Wilds, 324 Era Vulgaris, Centennial 39
The lights of Quarantine fade out the blackness of the night into a bright grey. We are twenty miles from the fortress, and no longer shielded by the high walls of the gorge. We have nowhere to hide, and the light pollution only makes it worse. They will see us coming long before we strike. The element of surprise is our best hope, but it is impossible to approach Q unnoticed. We need a distraction, something that draws the attention away from the East wall.
“Darius?” I call for my only male soldier. He is quite popular among the women of our troupe, if for no other reason than he is shy and does not want the attention. He is relieved to be pulled away from a giggling trio of women.
“Antista?” he says as he reaches me.
“It is too bright,” I say.
“Yes,” he agrees.
“What do we do without surprise on our side? You have seen the information Aron obtained from the airship, but I had not the time. I confess: I feel terribly ill-equipped to lead all of you to Quarantine.”
He takes a knee beside me and considers his answer. He traces his finger in the dirt, forming waves and hills. Then, he brushes his hand over the dirt and begins again.
“What is this?” I ask.
“A map,” he says, pointing to the tallest hill in his drawing. “On the tallest hill to the east of Arcis, there is an array of towers that attract lightning and harvest the electricity for both Arcis and Quarantine. If they are disabled, neither can draw in power from their substations and they both go dark.”
“How does that help us?”
“All magnetic doors in Quarantine will release and the prisoners will be able to leave their cells,” he says.
“How do we get them out of the fortress?” I ask.
“The front access can only be opened with a set of three keys,” he says. “If our people overpower the officers, they might be able to take the keys and get out by themselves. If not, we may be forced to draw officers out, in order to get in.”
“I see,” I say, rubbing my eyes. “We therefore must disable the array, and then hope our people rise up.”
“In essence, yes.” Darius stands.
“I do not like to put my faith on a feeling,” I say. “I want a clean and efficient plan.”
“We do not have the time to devise the sort of plan you desire, Antista.”
“I know,” I sigh. “Gratulari, Darius.”
He nods and looks over his shoulder at the three women anticipating his return. Darius decides against rejoining the women and instead stands several feet behind me. He is mystified and frightened by women, a fact they use to their advantage. Darius is safe, for now, with me to shield him. They will forget about torturing him when the fighting has begun. The way I will forget about Aron when I am standing in a cell again because we do not have a solid plan.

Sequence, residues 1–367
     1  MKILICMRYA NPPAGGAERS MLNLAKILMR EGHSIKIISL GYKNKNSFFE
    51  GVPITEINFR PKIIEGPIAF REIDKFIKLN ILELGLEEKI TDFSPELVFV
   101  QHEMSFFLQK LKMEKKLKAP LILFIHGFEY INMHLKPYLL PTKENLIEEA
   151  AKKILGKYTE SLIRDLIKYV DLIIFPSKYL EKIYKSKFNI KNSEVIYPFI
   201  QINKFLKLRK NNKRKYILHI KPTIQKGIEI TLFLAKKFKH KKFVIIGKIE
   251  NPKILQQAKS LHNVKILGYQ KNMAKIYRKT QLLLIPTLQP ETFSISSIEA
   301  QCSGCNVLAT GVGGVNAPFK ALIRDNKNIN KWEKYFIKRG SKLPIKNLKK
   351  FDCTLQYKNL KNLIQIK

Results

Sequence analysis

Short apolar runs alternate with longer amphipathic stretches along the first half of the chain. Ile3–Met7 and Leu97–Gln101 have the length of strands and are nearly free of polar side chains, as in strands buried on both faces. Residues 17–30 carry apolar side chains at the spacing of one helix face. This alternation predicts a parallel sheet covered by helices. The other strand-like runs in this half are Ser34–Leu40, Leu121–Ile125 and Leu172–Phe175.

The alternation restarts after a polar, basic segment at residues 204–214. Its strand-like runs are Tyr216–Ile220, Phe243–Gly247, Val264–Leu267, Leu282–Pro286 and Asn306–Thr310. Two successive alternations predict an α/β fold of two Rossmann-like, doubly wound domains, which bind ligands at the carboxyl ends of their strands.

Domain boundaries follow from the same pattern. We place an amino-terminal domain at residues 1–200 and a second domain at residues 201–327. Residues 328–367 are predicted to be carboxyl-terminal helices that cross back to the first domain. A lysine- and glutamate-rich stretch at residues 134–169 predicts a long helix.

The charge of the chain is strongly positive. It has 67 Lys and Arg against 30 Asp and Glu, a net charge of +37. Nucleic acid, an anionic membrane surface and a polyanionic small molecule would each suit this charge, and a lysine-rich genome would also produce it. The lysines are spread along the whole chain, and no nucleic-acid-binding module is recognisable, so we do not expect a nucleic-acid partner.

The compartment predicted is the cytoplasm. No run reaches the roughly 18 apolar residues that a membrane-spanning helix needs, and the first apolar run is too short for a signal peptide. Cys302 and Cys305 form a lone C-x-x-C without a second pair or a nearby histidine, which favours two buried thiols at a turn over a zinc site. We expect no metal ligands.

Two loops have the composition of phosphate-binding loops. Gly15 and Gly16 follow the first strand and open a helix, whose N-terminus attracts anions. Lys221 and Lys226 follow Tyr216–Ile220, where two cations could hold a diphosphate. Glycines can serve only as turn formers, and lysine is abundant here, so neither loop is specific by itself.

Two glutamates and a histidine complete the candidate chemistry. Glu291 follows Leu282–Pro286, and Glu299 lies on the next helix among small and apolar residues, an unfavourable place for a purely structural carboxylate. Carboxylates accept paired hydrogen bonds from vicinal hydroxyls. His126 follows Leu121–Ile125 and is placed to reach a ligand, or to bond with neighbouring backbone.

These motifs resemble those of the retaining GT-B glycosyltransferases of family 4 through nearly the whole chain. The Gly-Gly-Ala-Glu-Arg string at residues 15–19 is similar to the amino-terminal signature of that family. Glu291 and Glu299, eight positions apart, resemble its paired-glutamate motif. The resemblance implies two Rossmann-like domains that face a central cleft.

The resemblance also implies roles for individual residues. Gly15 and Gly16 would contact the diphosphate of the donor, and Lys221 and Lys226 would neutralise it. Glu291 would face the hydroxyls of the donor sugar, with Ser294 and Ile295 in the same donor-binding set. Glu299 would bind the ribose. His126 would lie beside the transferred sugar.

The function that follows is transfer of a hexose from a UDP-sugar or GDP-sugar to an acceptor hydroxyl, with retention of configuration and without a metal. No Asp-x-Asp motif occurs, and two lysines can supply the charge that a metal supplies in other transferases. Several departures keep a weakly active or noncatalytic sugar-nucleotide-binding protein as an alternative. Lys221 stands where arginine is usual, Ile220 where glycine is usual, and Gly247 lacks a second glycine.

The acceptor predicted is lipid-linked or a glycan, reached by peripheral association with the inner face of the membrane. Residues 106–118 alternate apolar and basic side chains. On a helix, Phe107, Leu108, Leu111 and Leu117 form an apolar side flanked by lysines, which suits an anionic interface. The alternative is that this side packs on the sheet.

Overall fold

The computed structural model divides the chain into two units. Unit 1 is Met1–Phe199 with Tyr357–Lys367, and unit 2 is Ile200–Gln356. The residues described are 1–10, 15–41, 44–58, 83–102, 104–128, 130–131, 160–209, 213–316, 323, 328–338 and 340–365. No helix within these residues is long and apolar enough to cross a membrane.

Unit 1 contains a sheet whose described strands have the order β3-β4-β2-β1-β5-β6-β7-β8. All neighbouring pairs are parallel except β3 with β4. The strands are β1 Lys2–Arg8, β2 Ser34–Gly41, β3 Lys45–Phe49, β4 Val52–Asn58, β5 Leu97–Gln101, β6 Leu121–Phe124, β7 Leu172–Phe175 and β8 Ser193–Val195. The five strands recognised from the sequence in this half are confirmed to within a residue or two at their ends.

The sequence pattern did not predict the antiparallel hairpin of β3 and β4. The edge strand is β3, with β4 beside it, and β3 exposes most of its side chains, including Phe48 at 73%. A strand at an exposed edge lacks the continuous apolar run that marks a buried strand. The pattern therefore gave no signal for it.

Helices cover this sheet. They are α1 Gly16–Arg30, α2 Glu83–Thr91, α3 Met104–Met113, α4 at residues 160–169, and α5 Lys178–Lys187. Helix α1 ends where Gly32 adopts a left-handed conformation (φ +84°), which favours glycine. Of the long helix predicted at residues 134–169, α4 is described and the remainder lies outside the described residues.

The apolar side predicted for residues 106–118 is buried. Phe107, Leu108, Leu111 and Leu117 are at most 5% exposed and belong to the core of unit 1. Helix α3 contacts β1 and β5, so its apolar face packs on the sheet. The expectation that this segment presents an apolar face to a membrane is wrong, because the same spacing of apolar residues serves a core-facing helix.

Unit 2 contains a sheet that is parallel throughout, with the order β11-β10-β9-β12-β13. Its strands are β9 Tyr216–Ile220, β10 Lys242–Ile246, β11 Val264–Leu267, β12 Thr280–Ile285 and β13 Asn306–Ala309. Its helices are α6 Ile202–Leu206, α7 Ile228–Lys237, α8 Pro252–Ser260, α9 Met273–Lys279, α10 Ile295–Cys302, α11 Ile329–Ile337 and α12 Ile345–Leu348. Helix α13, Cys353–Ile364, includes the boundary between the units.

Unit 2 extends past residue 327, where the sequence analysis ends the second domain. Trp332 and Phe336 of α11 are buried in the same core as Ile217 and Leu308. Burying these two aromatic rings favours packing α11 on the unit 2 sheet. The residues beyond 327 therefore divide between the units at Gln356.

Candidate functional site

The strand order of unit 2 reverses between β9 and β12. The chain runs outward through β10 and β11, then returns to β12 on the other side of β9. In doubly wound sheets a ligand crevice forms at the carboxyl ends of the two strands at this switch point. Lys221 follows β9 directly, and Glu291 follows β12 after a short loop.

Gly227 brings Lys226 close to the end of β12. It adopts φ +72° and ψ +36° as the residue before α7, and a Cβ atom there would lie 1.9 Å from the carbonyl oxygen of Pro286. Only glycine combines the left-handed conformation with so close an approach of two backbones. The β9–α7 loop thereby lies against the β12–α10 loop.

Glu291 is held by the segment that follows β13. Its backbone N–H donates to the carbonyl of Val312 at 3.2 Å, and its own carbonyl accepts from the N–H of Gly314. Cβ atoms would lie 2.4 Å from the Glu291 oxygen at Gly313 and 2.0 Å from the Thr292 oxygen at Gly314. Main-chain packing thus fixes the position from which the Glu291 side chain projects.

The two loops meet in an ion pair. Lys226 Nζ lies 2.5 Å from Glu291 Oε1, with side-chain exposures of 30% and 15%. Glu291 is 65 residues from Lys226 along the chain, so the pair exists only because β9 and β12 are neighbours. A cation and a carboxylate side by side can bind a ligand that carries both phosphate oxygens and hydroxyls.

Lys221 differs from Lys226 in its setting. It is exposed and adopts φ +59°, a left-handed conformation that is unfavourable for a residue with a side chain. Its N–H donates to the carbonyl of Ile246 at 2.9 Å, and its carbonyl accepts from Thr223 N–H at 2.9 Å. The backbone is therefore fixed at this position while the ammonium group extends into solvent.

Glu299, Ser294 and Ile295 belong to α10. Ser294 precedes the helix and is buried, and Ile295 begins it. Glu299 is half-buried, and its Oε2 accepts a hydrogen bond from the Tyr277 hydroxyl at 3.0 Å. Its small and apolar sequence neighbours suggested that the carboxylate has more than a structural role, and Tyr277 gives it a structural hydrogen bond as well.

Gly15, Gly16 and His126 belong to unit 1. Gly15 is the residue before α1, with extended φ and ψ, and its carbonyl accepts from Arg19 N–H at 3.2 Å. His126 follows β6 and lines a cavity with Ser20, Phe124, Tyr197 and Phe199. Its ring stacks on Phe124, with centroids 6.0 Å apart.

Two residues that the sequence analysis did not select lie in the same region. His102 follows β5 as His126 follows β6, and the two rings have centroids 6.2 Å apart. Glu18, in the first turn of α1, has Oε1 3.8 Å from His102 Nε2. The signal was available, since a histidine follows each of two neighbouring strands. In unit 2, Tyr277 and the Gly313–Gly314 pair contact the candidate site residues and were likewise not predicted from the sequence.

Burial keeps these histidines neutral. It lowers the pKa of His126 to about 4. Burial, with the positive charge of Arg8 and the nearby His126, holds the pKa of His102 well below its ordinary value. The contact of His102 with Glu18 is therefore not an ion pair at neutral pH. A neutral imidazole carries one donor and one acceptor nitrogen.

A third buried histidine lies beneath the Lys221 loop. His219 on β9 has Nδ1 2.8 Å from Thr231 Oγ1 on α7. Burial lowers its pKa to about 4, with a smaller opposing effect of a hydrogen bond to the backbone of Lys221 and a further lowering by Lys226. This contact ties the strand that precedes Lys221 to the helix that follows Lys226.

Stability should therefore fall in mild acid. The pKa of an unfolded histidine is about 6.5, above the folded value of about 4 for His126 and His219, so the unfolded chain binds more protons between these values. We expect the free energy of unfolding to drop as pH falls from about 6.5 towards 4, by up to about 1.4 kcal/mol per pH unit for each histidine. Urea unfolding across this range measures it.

The trouble is, I will not forget him, or the rest of the Cerani, no matter what happens. I will always feel guilty for letting them down, for breaking my promise. Something must be done. Something bold that is neither sure, nor safe. We do not have the luxury of the larger gun. But we are Sparks. We are fire and light and vitality. What is more, we are one body, and we must be whole again.
I rise to my feet. “Darius? Who is the most capable Spark?” I ask.
He steps forward. “Hali, aside from you, Antista.”
“Do you believe you are both capable of disabling the array?”
“Antista, we are both able Sparks, surely. But I do not know if it is possible to disable the array. In truth, I am not sure how men could have constructed such massive towers.”
“How many towers need to be taken down?” I ask.
“Three, and seven shorter antennae,” he says. “Ten in all.”
“Can you do it?” I stand and face him.
“We do not have the muscle, but perhaps—”
“Darius,” I say, holding up my hand. “Can you do it?”
He smiles. “You would have me destroy Arci technology on a whim?”
“If that is necessary in order to power down Quarantine,” I say.
“Whatever it takes?” he asks.
“Just do not die,” I say. I smile to mask the ache of saying those words to someone other than Aron. I miss him. “Take Hali, and two others, and leave for the array immediately. When the towers are destroyed, set out for Arcis. We will need you when the fighting is done.” I clasp Darius’ shoulder and he flinches, but returns the gesture.
Darius selects two adequate Sparks to accompany him. I do not question his choices; if that is who he wants, I trust him. His team departs at first light, and mine gathers before me, a ritual that is a sacred part of our travel routine.
Sometimes they sit silently, but this morning, they are buzzing.
“Antista, what is our next move?” Pera asks, placing her hand on my knee.
I cover her hand with my own. The faces of the women who surround me are eager for an answer. They are fierce and hopeful about something we have little chance of winning.
“My sweet Sparks,” I say. “There is a lightning storm brewing.”